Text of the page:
"¿Comerías carne de tortuga?"
Translation:Would you eat turtle meat?
This is unique to modern english because of a mix of three languages after the Norman invasion of england in 1066. Anglo-Saxon (English) serfs produced animals and Norman (french) lords ate the meat. Cow - Beef Pig - Pork Deer - Venison Sheep - Mutton Calf - Veal But chicken was more readily available to commoners and thus has the same name. So I'd imagine an english learning spanish speaker would have a hard time conceptualizing the reason to call meat of animals different names. I know this reply is a year later, but w/e.
I don't know, as a native English speaker I would say turtle meat, but I'd just say lamb. I'd also say horse meat. I think foods that aren't as commonly eaten can easily be said with meat as a clarification (although either way is fine). For example, I would say eat turtle meat, horse meat, but eat lamb, chicken.
I don't know if I agree about the native speaker part. Certainly I would understand it and might well say it, but alternative meats often do have the word meat added. There was a whole discussion about the Harvard Club serving horse meat many years ago. I always heard it referred to as horse meat or horsemeat. I was never a member so I don't know how it was listed on the menu. But I certainly agree that turtle should be accepted. Certainly Spanish often uses carne where we would not. No native speaker would translate carne de vaca as cow meat.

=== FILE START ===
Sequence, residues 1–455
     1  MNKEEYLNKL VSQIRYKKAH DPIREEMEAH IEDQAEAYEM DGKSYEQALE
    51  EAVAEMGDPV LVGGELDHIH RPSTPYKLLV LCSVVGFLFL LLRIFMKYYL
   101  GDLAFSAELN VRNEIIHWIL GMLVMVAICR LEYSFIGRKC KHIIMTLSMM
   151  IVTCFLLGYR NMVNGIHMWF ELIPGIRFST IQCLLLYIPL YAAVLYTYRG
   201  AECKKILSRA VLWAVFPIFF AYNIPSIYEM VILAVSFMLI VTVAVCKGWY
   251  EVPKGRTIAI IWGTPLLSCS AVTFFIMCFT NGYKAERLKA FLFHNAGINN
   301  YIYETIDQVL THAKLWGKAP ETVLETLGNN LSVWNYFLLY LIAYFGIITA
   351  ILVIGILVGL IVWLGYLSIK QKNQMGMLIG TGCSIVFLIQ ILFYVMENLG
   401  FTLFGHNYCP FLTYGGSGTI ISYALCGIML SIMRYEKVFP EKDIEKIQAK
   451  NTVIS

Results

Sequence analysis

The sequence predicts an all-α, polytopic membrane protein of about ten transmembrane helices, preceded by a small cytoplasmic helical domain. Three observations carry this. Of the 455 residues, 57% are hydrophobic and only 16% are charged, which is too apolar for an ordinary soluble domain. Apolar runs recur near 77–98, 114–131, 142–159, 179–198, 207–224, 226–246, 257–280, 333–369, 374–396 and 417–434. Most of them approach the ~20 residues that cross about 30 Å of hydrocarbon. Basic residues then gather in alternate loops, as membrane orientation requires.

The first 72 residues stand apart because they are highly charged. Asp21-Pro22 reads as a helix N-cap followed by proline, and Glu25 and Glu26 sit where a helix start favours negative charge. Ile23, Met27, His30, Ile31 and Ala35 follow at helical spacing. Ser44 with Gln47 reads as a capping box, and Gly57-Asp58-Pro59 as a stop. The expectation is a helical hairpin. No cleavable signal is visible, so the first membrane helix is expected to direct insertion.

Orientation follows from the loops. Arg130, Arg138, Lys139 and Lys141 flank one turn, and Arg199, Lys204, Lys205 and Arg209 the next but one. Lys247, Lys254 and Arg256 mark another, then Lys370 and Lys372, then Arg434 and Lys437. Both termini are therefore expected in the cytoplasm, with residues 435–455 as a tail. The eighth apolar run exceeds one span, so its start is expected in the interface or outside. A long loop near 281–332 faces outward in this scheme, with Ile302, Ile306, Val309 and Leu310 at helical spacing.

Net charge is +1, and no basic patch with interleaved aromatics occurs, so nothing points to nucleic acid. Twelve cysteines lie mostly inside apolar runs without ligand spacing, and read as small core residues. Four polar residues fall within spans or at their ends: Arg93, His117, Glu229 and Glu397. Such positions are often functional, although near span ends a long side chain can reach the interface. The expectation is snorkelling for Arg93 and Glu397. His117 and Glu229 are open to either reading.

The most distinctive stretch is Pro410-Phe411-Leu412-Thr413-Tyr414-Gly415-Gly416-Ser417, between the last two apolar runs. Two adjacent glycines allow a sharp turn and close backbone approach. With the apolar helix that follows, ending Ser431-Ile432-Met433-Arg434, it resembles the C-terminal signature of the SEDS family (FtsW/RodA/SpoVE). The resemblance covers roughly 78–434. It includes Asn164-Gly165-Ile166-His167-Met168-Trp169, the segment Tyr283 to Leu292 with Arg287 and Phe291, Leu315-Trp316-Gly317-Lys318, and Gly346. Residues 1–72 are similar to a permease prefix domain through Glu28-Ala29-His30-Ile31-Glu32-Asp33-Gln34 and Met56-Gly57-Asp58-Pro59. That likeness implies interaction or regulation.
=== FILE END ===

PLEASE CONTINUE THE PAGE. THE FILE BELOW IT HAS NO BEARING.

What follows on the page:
Because lamb isn't an animal (in the sense of species or other taxonomic grouping) whereas turtle (or sheep) is. People say "lamb" instead of "sheep meat". When the horse meat scandal occurred, that is exactly what it was called.
In this context, it's obvious through the word "eat" what they mean, but in other cases it wouldn't be clear if you were referring to a living animal or their dead flesh.
I'm a native British English speaker, and "Would you eat human?" (as another example) sounds wrong to me, whereas "Would you eat human meat?" sounds more natural.
I am American and I agree. If it is not something that you really think of people eating, you generally will add the word meat. It did occur to me that I wouldn't be as likely to say it with snake, but maybe that's because they seem less like they would taste like meat. In Spanish it's not really clear cut. They use the animal name for pork and lamb, in addition to most of the things we also use the animal name for like turkey duck and lobster. But they have a "meat" name for fish (pescado vs pez) and call beef carne de vaca or carne de rez. I know we got our meat names from French, so that's inconsistent, but Spanish seems random.
My first thought was no, because "could you eat"="would you be able to eat"="podrias comer." But then I got to thinking about the close relationship "could" and "would" sometimes share. Perhaps, if you were merely questioning the probability, not the capability, then "could" could be used. However, to avoid ambiguity, using "would" would be a better option.